Catch up – and secure!

My last blog emphasised parenting as THE most important job ever. But parents are in the worst of all worlds, with schools still closed and many children missing out on vital learning. It is no-one’s fault that the virus has interfered with normal schooling. So blame is not appropriate. Nevertheless, it is the case that children in private schools, and those still attending school because their parents are key workers, are far less likely to suffer the long term consequences of missed schooling: that is bound to have an effect on future chances for some children. So at the top of the agenda is for government to make up for the educational deficit experienced by some children. It is easy to say – but far less easy to

The National Curriculum identifies three levels of achievement: developing, secure and mastery. While not every child can achieve mastery, we must ensure that catch-up strategies enable every child who can – to achieve ‘secure’.

Which children have lost out during lockdowns? Mainly the same two groups who have always lagged behind educationally – those with Special Educational Needs and disabilities, as well as those living around the poverty line. So where is the way forward? What can we all do?

Firstly, learning depends on well-being: feeling safe, well-fed, relaxed and positive enough to be fully engaged. Children have missed their friends. They have also lost the habit and routine of schooling – that timed discipline of daily engagement. Hopefully, most children will soon get back into the habit of school and reconnecting with purposeful activities – but well-being must be at the top of the agenda. Young minds must be open for new learning to happen.

Secondly, National Curriculum learning is way behind its targets. The curriculum is already overcrowded and it will take time to get children back to where they would have been if the virus had not hit. The nature of learning means that children cannot automatically access skills and information at a faster rate. Learning is not something that can be spoon-fed: too much too quickly – and they will choke on it. The danger is that some children may lose out on vital time for their learning to be assimilated and understood.

In the race against time and the need for catch-up, schools must still tread a delicate balance between the presentation of new learning – and allowing children to practise and assimilate older learning. Why is this? Most subjects, particularly Maths and English, are hierarchical, meaning that each layer of learning is built on, and dependent upon the understanding of a previous layer. In maths, real understanding relies on children performing computations sequentially – number to 10, to 100, then to 1000…. and so on. Without a sound understanding at these concrete levels, numeracy at the higher, abstract levels, cannot be applied.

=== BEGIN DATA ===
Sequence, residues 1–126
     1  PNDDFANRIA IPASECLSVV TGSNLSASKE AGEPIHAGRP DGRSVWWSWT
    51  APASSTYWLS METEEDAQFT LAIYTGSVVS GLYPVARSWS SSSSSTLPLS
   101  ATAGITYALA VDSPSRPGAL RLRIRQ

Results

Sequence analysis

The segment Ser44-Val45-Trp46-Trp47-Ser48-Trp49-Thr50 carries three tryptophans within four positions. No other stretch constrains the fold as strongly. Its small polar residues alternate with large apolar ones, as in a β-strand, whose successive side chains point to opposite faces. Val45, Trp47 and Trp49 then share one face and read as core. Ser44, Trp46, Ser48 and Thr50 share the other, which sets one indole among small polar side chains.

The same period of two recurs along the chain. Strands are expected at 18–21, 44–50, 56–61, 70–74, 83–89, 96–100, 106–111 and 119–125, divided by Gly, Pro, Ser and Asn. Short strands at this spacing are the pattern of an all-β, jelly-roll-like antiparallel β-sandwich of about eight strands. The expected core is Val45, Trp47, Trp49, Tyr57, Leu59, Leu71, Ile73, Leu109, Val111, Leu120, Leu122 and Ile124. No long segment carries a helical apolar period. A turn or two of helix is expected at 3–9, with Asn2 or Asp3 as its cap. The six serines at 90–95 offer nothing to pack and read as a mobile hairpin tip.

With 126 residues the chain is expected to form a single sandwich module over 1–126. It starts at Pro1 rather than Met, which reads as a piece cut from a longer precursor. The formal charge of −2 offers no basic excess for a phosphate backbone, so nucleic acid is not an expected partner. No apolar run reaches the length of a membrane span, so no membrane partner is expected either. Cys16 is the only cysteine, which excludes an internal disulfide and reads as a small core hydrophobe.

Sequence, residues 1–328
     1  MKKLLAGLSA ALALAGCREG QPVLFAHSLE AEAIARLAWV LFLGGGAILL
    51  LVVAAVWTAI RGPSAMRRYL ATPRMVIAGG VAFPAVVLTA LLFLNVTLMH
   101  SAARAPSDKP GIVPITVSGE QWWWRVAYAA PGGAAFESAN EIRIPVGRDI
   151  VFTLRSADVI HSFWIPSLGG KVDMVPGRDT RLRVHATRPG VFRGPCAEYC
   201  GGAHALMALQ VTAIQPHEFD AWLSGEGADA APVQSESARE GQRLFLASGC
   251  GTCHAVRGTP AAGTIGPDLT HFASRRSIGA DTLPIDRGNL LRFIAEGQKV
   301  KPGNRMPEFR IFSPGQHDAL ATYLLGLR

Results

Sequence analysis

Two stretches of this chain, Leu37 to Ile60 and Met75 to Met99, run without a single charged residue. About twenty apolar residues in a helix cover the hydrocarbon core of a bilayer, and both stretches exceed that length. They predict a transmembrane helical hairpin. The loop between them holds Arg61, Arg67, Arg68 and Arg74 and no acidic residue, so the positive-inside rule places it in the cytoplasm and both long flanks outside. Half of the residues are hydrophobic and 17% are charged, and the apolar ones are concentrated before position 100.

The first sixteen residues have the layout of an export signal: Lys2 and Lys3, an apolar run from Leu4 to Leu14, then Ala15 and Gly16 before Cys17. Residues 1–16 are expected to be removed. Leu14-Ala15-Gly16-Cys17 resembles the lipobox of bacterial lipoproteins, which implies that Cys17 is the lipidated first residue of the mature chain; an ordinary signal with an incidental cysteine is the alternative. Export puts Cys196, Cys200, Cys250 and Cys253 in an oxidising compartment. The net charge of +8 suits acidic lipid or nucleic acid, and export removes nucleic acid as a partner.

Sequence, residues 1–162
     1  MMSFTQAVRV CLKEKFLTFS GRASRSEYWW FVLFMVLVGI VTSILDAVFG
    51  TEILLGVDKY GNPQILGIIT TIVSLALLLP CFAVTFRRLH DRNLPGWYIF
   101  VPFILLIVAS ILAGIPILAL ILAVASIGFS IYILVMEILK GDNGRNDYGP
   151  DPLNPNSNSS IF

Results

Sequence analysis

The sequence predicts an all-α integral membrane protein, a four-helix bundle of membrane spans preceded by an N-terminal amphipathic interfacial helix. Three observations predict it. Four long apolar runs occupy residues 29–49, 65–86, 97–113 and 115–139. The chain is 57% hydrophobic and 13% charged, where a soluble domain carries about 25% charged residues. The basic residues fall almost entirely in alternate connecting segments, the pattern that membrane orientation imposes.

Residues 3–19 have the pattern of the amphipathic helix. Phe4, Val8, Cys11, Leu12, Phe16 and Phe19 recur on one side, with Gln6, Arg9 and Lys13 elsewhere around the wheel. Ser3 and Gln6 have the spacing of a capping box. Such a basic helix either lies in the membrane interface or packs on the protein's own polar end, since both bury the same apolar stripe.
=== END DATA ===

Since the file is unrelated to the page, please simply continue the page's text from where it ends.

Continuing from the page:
Similarly for reading: children can only develop phonics in sequential groups: letters and sounds first, then CVC blending (consonant, vowel, consonant – bat, hen), followed by words with double consonants at the beginnings/ends – shop, chin, mash, blog, belt, milk …. Shovelling too much phonic learning at once, too quickly, into children’s heads – risks confusion, and will do nothing to enhance fluent reading. Children must be secure with each stage of phonic blending skills – before being moved on.

Similarly, for writing, children cannot write complex sentences, using conjunctions and clauses, before they can write simple ones – using punctuation at the level of full stops and capital letters correctly.

Where do parents come in? As we wait for schools to reopen and life to reach its new normal – parents are in a huge dilemma – how to do the best they can with learning at home. On-line is only part of the answer – especially when it’s one way and children do not have a teacher to turn to for explanation when they are stuck. At the same time, many parents also feel stuck and unsure how best to help their child.

Under the banner of ‘Parents: Help your child succeed’, my books equip parents with skills and knowledge about the National Curriculum: ready to answer any questions their child may ask. My books can unmask the mysteries of learning and help to make home-schooling more relaxed, enjoyable and productive.

I am author of thirteen books for schools, plus five for parents. If your child has SEND, Book 1: Support Your Child with Special Educational Needs and Disabilities: a guide for parents, offers all you need to know about the SEND system. Books 2 to 5: Support Your Child At The Early Years Foundation Stage, At Key Stage One, At Key Stage Two and At Key Stage Three – offer a comprehensive outline of WHAT should be taught and HOW. Available from Lulu or Amazon. Good luck with your home-schooling!

Sylvia Edwards

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